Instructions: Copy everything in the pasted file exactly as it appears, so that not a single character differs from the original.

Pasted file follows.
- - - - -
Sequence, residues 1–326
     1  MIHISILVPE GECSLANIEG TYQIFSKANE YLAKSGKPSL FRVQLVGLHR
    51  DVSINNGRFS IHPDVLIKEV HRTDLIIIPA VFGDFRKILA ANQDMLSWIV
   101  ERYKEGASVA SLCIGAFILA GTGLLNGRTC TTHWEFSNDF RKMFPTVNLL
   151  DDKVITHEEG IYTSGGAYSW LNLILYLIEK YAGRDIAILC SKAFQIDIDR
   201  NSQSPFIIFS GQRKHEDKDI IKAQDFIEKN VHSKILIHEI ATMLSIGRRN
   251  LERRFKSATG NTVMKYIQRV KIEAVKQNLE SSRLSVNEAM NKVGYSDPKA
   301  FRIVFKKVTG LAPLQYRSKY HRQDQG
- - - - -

Sequence, residues 1–326
     1  MIHISILVPE GECSLANIEG TYQIFSKANE YLAKSGKPSL FRVQLVGLHR
    51  DVSINNGRFS IHPDVLIKEV HRTDLIIIPA VFGDFRKILA ANQDMLSWIV
   101  ERYKEGASVA SLCIGAFILA GTGLLNGRTC TTHWEFSNDF RKMFPTVNLL
   151  DDKVITHEEG IYTSGGAYSW LNLILYLIEK YAGRDIAILC SKAFQIDIDR
   201  NSQSPFIIFS GQRKHEDKDI IKAQDFIEKN VHSKILIHEI ATMLSIGRRN
   251  LERRFKSATG NTVMKYIQRV KIEAVKQNLE SSRLSVNEAM NKVGYSDPKA
   301  FRIVFKKVTG LAPLQYRSKY HRQDQG